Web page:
History Today at Hatchards

Who Wrote Piers Plowman?

The popularity of the Middle English poem has endured for 650 years but the question of who wrote it remains unanswered. Lawrence Warner addresses the mystery.

Lawrence Warner | Published 28 April 2015

Page from the 14th-century Luttrell Psalter, showing drolleries on the right margin and a ploughman at the bottom
Page from the 14th-century Luttrell Psalter, showing drolleries on the right margin and a ploughman at the bottom

Since it started taking shape some 650 years ago, the alliterative dream poem Piers Plowman has been a touchstone of the English literary tradition. Its textual, literary and religious difficulties have attracted the attention of audiences from the days of Geoffrey Chaucer and John Ball to our own. So, who wrote it? For a poem so immersed in its historical context, the relative anonymity of its author is remarkable and their identity has long been as interesting to readers as the poem itself.

Or, I should say, poems – for the question is inextricably bound up in questions of revision, addition and the like as the poem survives in three substantially different forms. 'Piers Plowman: The Work of One or of Five', reads the title of an essay in a learned journal of 1909 (written by J.J. Jusserand, who discussed the poem's merits with the US president). Debates were raging over how many hands were responsible for the complex structure of this poem. The orthodox modern view, established by the Victorian editor Walter W. Skeat, was that a single man wrote all three versions, now called A, B and C. Yet could the substantial changes between the versions, even within the A version alone, be the work of one man? (John Trevisa, the translator and schoolmate of John Wyclif, has been nominated as candidate as author of the B version of the poem.) Thus raged a debate for much of the 20th century, one that has still not totally disappeared from view.

Earlier centuries had their own variations on the debate. The existence of later poems like Pierce the Ploughman's Crede (written between 1393 and 1401) and The Plowman's Tale (c.1400) caused no end of confusion. 'I thinke hit not to be on and the same that made both' this latter poem and Piers Plowman, wrote one commentator in the 16th century, 'for that the reader shall fynde divers maner of Englishinge on sentence.' Logic is hardly in full view here. Chaucer inevitably shows up in such discussions and was even taken to be author of Piers Plowman itself by a long line of observers between John Leland in the 1530s to one Elizabeth Johnson c.1700, who was proud to own 'The Vision of Pierss Plowman said to be wrote by Chaucer some say by a Wickliffian about Rc 2d time'.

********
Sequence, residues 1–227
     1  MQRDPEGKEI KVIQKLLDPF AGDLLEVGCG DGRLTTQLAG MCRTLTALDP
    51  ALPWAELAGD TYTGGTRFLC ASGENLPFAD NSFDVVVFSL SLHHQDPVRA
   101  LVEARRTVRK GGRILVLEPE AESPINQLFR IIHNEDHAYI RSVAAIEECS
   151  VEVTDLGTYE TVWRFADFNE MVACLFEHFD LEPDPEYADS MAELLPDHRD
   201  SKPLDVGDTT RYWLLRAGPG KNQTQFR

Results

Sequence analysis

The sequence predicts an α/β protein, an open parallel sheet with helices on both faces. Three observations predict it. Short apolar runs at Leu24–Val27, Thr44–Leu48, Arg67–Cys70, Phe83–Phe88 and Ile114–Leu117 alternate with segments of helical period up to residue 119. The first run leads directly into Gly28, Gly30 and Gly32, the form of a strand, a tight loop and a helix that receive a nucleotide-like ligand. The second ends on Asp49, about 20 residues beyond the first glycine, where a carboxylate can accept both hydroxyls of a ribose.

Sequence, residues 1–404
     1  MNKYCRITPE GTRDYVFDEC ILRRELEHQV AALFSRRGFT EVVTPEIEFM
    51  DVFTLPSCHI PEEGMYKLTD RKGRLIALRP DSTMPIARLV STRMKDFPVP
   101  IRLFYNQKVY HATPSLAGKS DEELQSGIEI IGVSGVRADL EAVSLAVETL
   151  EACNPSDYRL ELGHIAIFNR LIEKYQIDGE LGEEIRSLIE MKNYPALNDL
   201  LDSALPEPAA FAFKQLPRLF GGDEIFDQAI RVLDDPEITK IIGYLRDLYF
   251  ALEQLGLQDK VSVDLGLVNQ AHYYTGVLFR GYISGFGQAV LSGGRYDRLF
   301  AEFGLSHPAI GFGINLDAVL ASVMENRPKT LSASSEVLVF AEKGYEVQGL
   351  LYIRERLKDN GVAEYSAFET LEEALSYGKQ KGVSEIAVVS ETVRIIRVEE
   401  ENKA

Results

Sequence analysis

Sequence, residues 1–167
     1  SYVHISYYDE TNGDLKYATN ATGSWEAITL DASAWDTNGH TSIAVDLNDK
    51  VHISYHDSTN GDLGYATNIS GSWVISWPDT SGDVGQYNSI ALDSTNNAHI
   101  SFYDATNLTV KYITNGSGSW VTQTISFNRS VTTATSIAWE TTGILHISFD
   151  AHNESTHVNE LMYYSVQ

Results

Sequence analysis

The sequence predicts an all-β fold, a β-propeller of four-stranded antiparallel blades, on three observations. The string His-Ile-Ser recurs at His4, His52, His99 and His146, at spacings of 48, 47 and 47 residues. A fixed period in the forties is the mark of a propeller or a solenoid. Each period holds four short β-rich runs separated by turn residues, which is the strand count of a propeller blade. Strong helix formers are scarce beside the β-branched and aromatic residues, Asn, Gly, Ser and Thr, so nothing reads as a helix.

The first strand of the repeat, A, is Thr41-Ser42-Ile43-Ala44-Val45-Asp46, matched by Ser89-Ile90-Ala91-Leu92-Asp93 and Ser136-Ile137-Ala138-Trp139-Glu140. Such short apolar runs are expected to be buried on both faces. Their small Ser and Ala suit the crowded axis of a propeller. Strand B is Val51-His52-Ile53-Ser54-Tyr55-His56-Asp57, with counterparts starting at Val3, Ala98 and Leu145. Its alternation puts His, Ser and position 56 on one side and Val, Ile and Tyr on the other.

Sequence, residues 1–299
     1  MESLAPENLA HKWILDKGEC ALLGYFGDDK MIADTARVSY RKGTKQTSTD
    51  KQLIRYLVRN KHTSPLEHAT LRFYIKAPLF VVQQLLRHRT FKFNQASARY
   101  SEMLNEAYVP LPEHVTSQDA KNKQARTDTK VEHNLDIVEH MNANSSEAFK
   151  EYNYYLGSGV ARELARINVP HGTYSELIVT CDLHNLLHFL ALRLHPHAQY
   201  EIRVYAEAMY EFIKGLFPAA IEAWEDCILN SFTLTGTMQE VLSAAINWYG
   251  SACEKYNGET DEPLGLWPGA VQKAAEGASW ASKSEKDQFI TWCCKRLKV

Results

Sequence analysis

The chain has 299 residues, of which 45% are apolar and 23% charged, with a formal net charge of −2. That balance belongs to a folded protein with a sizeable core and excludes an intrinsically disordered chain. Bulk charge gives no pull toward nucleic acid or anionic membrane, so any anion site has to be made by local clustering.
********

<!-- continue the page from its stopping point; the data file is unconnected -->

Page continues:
Yet that attribution always flew below the radar. 'I have learned that the Autour was named Roberte langelande, a Shropshere man borne in Cleybirie, about viii myles from Malverne hilles': so wrote the editor of the editio princeps of 1550, Robert Crowley. This forename seems to be the result of a misreading of one line as recorded now in a single manuscript: '& y Robert in russet gan rome abowhte.' 'I, Robert', that is, where other manuscripts have yrobed, that is, 'robed'. The Malvern connection gave rise to a competitor, first proposed by John Stow in 1580, that the poem was written c.1342 by John Malvern, Fellow of Oriel College. Not everyone was convinced by these proposals: 'This writer is still anonymous', wrote Joseph Ritson in 1792; 'there is no reason to believe that it was either Robert Langland, or John Malverne, but on the contrary a substantial one that it was not'. What that reason was he never said.